Gin and whisky are of course two very different animals. However, in the eyes of many whisky manufacturers, a real love affair seems to have developed when it comes to the classic juniper distillate. The reasons are certainly quite simple: Gin can be produced much faster than whisky and is a good guarantor of income – especially for young distilleries whose whiskies have to mature for some time before they can be sold under this name. (provided test product)*
In the past I have written about this phenomenon e.g. in the context of my article on the Isle of Harris Gin, but in fact the constellation described above has become a real classic. Moreover, today I once again have a gin from a Scottish whisky distillery in front of me, but it is a very special distillery. The Dornoch Distillery in the Scottish Highlands (more precisely in the village Dornoch on the north coast) was built in the course of a crowdfunding campaign in 2016 by the two brothers Phil and Simon Thompson in a former fire station. The combination of gin and whisky as the main pillars of production was planned right from the start. The Thompson Bros. Organic Highland Gin comes from this distillery.
The beautiful bottle, strongly reminiscent of an alchemist’s laboratory, is definitely very appealing and informs us about an alcohol content of 45.7% vol. and on the back label about essential parts of the production process. This is quite interesting: 90% of the gin consists of a wheat-based alcohol, which is then mixed with a botanical mixture and distilled afterwards. What is special here is the fact that frozen, organically grown raspberries and elderberry blossoms are also separately macerated in wheat alcohol and then blended with the previously distilled alcohol. Finally, 10% New Make from malted barley (from their whisky production) completes the final blend. Sounds exciting of course (and also quite fruity and flowery, that’s why I’m expecting a New Western Dry Gin). Besides the already named raspberries and elderberry blossoms there also other botanicals used: juniper berries, angelica root, cardamom seed, aniseed, orange peel, lemon peel, coriander seed, meadowsweet and black peppercorns.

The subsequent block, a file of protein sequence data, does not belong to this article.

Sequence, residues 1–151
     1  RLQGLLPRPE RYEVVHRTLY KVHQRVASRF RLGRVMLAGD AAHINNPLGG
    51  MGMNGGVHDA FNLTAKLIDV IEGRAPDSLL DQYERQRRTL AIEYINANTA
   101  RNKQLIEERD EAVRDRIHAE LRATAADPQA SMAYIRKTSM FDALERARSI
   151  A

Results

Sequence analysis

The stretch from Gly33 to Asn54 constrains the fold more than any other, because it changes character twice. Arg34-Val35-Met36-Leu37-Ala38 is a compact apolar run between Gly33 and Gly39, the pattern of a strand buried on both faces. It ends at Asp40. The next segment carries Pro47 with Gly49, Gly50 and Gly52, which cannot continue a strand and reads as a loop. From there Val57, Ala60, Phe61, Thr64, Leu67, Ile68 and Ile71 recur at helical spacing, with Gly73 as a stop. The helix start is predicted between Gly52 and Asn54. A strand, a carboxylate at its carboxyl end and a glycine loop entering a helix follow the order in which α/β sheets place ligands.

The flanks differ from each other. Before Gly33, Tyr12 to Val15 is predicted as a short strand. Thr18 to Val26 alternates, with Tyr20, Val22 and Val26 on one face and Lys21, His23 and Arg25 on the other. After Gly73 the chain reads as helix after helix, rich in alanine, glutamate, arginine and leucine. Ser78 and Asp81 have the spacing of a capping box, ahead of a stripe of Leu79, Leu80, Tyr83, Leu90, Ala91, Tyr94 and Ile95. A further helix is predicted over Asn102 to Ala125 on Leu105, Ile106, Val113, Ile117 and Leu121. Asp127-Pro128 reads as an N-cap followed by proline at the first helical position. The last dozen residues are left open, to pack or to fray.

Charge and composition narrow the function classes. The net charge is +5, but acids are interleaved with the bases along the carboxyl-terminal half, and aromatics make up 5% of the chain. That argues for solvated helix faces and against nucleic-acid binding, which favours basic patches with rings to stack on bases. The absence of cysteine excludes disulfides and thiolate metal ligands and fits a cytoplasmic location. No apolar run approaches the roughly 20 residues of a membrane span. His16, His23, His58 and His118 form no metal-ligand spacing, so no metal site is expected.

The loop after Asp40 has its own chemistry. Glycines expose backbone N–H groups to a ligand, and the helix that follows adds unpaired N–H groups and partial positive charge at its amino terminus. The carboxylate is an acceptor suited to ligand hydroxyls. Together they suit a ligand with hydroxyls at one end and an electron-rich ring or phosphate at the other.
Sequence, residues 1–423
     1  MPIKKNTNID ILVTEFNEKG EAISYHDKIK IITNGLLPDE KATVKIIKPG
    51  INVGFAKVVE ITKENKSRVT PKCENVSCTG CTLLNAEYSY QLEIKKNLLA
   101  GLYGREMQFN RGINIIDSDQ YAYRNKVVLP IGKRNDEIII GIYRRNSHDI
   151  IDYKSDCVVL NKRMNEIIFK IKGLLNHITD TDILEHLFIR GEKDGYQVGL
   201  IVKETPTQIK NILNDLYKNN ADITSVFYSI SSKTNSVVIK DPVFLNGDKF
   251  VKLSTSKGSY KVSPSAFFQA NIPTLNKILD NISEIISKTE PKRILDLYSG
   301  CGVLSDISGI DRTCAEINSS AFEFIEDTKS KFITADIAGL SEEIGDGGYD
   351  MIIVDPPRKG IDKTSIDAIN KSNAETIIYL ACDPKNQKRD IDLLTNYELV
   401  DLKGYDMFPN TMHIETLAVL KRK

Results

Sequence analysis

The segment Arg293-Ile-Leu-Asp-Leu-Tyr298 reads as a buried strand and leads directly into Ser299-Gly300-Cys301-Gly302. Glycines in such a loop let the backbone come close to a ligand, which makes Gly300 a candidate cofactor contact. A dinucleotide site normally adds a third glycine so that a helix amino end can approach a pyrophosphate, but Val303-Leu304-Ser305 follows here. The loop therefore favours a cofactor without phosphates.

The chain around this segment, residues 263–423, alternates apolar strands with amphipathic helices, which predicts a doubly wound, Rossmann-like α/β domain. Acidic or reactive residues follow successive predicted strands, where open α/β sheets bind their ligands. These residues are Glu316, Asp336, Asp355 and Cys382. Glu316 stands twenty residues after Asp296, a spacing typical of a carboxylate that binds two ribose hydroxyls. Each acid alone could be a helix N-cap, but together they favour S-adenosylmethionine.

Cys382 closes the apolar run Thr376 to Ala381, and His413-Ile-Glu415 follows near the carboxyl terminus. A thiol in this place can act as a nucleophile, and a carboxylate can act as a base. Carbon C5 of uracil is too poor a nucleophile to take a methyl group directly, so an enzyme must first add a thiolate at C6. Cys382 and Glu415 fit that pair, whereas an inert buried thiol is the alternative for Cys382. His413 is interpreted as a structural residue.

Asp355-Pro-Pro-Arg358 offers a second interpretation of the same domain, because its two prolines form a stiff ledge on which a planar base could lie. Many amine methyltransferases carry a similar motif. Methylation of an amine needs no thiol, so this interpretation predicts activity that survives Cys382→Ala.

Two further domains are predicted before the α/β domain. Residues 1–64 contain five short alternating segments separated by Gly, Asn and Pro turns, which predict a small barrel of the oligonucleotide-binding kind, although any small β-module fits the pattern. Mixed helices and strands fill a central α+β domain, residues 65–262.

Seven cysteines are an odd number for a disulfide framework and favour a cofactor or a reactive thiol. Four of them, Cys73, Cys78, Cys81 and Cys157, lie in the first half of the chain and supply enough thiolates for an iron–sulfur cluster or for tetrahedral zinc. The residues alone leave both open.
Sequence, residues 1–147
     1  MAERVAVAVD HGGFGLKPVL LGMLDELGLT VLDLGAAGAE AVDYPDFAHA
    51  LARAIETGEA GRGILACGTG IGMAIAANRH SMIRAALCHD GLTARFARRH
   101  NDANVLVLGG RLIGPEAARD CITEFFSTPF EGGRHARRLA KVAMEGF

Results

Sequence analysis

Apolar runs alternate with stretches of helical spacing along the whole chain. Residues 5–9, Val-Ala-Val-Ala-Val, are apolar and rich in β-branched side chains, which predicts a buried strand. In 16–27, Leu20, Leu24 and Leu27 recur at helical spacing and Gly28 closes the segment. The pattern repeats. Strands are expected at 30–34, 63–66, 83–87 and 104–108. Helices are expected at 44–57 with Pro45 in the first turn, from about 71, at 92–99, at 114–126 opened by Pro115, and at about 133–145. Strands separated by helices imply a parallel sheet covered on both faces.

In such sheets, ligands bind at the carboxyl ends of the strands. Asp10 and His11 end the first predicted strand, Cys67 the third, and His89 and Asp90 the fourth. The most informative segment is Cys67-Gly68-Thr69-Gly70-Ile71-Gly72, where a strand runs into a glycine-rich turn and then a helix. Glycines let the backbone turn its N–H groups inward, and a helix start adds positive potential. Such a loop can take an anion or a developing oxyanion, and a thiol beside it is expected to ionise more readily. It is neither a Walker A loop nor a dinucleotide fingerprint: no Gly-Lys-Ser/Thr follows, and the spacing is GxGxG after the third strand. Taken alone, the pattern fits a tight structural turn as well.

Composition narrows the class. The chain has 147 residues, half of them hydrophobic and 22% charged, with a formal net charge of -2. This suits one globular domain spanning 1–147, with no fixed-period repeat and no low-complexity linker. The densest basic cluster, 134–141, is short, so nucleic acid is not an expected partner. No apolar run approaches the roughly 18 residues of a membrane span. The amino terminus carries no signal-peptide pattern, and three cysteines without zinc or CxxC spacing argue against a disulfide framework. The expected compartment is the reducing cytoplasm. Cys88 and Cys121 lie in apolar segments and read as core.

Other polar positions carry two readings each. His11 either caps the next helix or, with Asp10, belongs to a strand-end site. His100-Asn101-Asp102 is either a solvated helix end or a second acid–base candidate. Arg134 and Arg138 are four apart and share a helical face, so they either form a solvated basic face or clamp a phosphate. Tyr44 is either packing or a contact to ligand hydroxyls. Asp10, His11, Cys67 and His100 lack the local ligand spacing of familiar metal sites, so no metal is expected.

Tasting Notes Thompson Bros. Organic Highland Gin:
Aroma: The barley part of the gin is definitely recognizable, I immediately feel reminded of the (very delightful) Icelandic VOR Gin (which is a 100% barley gin). However, only in this respect, because beyond that this is a completely different gin: raspberries and elderberries stand out unmistakably and foreshadow a spicy sweetness. The juniper is not very dominant, but I find aniseed, citrus peels and some crushed pepper. The overall impression is very round and aromatic, but certain cake dough notes, which I attribute to the New Make part, also make the gin very special.